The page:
S: Have you ever thought about starting a professional league?
N: If I had ten million dollars, yeah! [laughs] It takes a ton of cash and again, who wants to invest in track and field right now when the governing bodies are making it almost impossible to operate and the USADA and WADA are doing an abysmal job of keeping it clean? I’d hate to start a track league only to watch USADA and WADA bumble their way around or stumble around trying to police the sport and just do a terrible job and for all I know I’ve got a bunch of dirty athletes out here stealing the money that we’ve worked so hard to procure for them.
S: It’s just so – wow. Just talking about it, it makes it so much more impressive that you keep fighting.
N: Well it’s not gonna happen in a day, this might be a generational thing. If I can sit down and watch a track meet in 60 years or at the age of 60 in 30 years and see athletes looking like NASCARs and know that they’re making good money and know that there’s a 99.9% chance they’re racing clean, I’d be really happy. And I don’t think it’s gonna happen much sooner than that. It’s not going to happen tomorrow. But you know we fought a hard battle in 2011 to allow athletes to be able to wear the logos that they choose in USATF competition and we won that battle. And now we’re fighting a similar battle when it comes to the Olympics and the Olympic Trials. We’re fighting that battle through the Run Gum lawsuit. So we’re gonna keep chipping away at it and it’s going to take probably decades before it’s at a point where I feel like our job’s done.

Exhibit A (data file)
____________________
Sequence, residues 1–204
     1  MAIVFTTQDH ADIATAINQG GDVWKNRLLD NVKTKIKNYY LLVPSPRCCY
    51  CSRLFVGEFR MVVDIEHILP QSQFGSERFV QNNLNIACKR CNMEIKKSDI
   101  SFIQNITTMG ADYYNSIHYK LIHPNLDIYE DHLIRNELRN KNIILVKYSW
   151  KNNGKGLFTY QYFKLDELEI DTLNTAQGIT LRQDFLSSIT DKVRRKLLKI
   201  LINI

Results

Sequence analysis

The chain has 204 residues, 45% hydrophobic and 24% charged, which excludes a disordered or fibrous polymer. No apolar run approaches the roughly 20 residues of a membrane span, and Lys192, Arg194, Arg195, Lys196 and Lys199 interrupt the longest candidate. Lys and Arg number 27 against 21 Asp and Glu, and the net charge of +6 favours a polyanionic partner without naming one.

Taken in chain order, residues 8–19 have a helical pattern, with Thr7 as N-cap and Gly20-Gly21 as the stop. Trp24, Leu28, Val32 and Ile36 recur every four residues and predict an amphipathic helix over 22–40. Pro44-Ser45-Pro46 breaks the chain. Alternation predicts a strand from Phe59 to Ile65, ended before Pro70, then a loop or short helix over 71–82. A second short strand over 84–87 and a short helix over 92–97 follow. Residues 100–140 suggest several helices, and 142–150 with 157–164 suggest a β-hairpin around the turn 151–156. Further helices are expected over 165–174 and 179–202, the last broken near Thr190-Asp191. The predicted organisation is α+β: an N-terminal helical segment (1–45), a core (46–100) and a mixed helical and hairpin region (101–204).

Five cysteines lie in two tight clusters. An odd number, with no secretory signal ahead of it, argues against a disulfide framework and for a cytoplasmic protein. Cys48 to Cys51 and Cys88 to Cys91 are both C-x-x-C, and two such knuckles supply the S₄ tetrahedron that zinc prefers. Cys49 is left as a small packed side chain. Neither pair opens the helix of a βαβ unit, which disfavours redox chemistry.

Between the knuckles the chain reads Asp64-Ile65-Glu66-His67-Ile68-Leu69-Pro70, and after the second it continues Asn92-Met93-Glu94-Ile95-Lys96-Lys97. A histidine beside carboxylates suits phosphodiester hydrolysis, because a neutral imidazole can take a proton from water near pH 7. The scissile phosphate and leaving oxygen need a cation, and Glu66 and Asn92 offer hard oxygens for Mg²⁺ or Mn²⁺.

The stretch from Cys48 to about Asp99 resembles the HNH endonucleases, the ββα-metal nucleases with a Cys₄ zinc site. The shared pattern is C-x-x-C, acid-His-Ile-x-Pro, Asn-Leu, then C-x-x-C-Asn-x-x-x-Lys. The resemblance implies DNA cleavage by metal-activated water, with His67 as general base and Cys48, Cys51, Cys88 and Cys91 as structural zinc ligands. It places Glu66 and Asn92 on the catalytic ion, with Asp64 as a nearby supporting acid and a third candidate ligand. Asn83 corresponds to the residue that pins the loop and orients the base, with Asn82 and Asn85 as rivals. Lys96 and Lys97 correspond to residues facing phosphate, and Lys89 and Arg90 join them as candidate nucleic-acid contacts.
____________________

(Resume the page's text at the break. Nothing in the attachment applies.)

S: And then Rule 40, that was a huge huge deal with the Olympics. There was a lot of talk and criticism about it, but I’m curious — it’s all about the athletes, right? It’s about helping the athletes earn a living, right?
N: I mean, Rule 40 violates freedom of speech first of all, and if the IOC puts an Olympic Games on American soil you’re going to have some serious issues with that I think. I think that the Rule 40 is just so offensive on so many levels. You’ve got an athlete that’s spent four years sacrificing and training for this one moment and when they’re at the Superbowl of track and field or of whatever their sport is and they’re not even allowed to mention their sponsor by name, how are they supposed to make a living? Why would Run Gum sponsor an athlete for four years if, when they actually get attention, they can’t even mention my company? It just doesn’t make sense.
S: Right, and what’s really frustrating is that there’s no alternative. People say, ‘Well you’re working for it, it’s like you’re working for the Olympic company, so you have to follow their rules and wear their stuff.’
N: I’m not working for them, I’m not getting any of that money. If the IOC was to make every athlete an employee and was going to start cutting checks to the athletes then they could start making those demands. But they ask total loyalty but don’t compensate the athletes in any way.
S: Right. But I think that maybe something that I wonder if it undermines the argument is when companies complain about Rule 40. Because it’s … it can seem like, and I don’t believe this, but I think it might seem like they’re whining that they can’t compete with Nike.